General Land Office, under provisions
of Act of Congress approved Jone 27,
1906 (34 Stats. , 617), pursuant to the
application of John E. Stevens, Serial
No. 09691, we will offer at public Bale
to highest bidder, but at no less than
$1.25 per acre, at 10 o'clock A. M., on
the 85th day of September, 1912, at
this office, the following tract of
land: SWJ SWJ. Sec. 18,NEJNWi,
Sec. 19. T. 6 S. , R. 26 E, , W. M.
Any persons olaiming adversely the
above-described land are advised to
file their claims, or objections on or
before the time designated for sale.
0. W. MOORE, Register.
A. 15-S. 19.
All kinds of good ice cold sodas at
Notice for Publication.
FIBLIC LAND SALE
Department of the Interior, U. S.
Land Office at The Dalles, Oregon,
August 6, 1912. Notice is hereby
given that, aa directed by the Com
missioner of the General Land Office,
under provisions of Act of Congress
approved June 87, 1906 (34 Stats. 517,),
pursuant to the application of Harley
Matteson, Serial No. 09667, wa will
offer at public sale, to the highest
bidder, but at not leu than 11.60 per
acre, at 6:30 o'clock A. M. , on the
25th day of September, 1912, at this
office, the following tract of land:
SWJ NEi, Sec. 10, T. 5 S., R. 26 E. ,
W. M. Any persona claiming adverse
ly the above-described land are ad
vised to file tbeir claims, or objec
tions, on or before the time designated
O. W. MOORE, Register.
A. 22-S. 19.
School commences Monday, Sept. 2.
Minnie Sutherlin went to Cecil on
Monday to be gone some time.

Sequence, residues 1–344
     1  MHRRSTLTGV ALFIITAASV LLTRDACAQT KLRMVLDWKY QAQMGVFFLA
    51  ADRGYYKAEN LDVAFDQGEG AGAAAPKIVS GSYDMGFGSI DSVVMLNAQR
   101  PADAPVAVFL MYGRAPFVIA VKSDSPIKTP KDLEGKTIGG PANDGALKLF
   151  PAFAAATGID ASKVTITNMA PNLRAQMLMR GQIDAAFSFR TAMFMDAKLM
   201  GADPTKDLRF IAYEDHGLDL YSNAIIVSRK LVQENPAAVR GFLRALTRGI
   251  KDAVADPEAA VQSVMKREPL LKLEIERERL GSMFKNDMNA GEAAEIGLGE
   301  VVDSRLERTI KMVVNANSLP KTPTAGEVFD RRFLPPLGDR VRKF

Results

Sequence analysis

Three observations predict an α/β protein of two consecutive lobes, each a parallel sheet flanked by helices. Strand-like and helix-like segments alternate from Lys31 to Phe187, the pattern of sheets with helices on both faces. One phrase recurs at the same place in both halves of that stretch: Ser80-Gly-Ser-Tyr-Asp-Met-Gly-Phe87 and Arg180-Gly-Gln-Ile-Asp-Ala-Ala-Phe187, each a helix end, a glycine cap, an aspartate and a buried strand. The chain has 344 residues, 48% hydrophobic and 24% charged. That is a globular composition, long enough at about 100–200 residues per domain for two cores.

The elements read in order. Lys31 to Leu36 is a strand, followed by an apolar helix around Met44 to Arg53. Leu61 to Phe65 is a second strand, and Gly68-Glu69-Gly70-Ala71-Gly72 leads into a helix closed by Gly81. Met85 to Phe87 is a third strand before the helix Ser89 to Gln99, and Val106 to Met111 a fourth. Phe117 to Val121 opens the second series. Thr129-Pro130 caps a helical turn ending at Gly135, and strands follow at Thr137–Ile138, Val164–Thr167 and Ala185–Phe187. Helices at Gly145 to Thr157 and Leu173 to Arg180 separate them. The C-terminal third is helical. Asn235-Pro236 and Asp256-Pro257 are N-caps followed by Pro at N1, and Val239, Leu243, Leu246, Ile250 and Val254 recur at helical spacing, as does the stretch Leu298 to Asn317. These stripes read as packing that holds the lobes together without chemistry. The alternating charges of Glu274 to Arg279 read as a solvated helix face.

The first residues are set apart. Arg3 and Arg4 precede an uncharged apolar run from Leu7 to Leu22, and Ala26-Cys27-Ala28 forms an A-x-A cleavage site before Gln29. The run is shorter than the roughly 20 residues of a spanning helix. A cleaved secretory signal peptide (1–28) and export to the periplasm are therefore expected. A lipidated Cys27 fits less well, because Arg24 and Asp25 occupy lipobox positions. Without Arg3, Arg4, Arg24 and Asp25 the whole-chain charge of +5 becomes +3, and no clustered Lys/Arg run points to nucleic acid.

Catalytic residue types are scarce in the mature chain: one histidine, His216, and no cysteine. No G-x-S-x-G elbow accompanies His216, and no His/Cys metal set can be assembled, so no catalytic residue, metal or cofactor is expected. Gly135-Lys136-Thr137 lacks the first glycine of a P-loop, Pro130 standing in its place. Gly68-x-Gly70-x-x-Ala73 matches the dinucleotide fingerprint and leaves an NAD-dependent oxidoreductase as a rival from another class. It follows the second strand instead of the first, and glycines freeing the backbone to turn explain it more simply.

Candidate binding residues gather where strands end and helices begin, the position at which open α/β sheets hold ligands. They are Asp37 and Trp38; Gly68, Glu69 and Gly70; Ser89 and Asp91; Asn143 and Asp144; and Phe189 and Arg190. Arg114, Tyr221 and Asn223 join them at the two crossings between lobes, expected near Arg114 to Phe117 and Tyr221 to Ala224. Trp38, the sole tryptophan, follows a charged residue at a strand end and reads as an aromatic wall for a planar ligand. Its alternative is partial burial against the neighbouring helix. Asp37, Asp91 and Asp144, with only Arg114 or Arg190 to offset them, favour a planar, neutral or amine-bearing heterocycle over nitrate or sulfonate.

Miss Mary Graham returned to her
home after a pleasant visin of a week
with frienes here.
Miss Maude McMillan and Miss
Mary Graham were Heppner visitors
the middle of the week.
A good time was reported by the
crowd w ho attended the dance on
Saturday night in Artisan hall.
Henry Burchell received the news
that his daughter Annie was quite ill
and he left for Portland at once.
Mrs. Pickets, who has been work
ing for Mr. Finley. came in to town
to stay on Monday. She is Janitor
of our school.
Willis Ward moved his family in
from the Bend country and they are
now living in the Christenson prop
erty on Knob Hill.
Mrs. McMann and Mrs. Mulligan
who have been visiting their sister,
Mrs. Breshears, and other relatives,
returned to their home in Walla
Walla after a pleasant two weeks
Chat. Schatz, the Turn a Lum
Lumber Co. man, is taking a few
davs' lay off and visiting around
Milton and Walla Walla. Mr. Point
er is "coal and wood" man during
year. . This ends the life of al
most a life-long member of the
Methodist Episcopal church. A
long but patient sufferer, and a
loving mother, she leaves four
sisters and one brother, who live
in Indiana, and one son and fami
ly to mourn her death. She was
buried from the home of her son
in Morgan, her funeral, conduct
ed by the Rev. W. A. Pratt, of
Heppner was largely attended
by the people of the neighborhood.
Rood Canyon Item.
While hauling hay for Paul
Webb on Thursday last, Reub
Gaunt met with alivly experi
ence. He was coming down the
Curtis hill with a big load of
bundle hay when a portion of the
harness gave way, letting the
wagon run onto the horses. This
started the team to running
straight for a three wire fence
and it took some good work on
Reubs part to make a turn on the
side hill and keep the team out of
the fence, but he succeeded in
doing it. In order to get out of
the fracas himself he had to
make a jump from the load and
this give him a badly sprained
ankle. He was uninjured other
wise, and thinks it a bum team
that couldent out-run a wagon.
By Bu.it. Notson.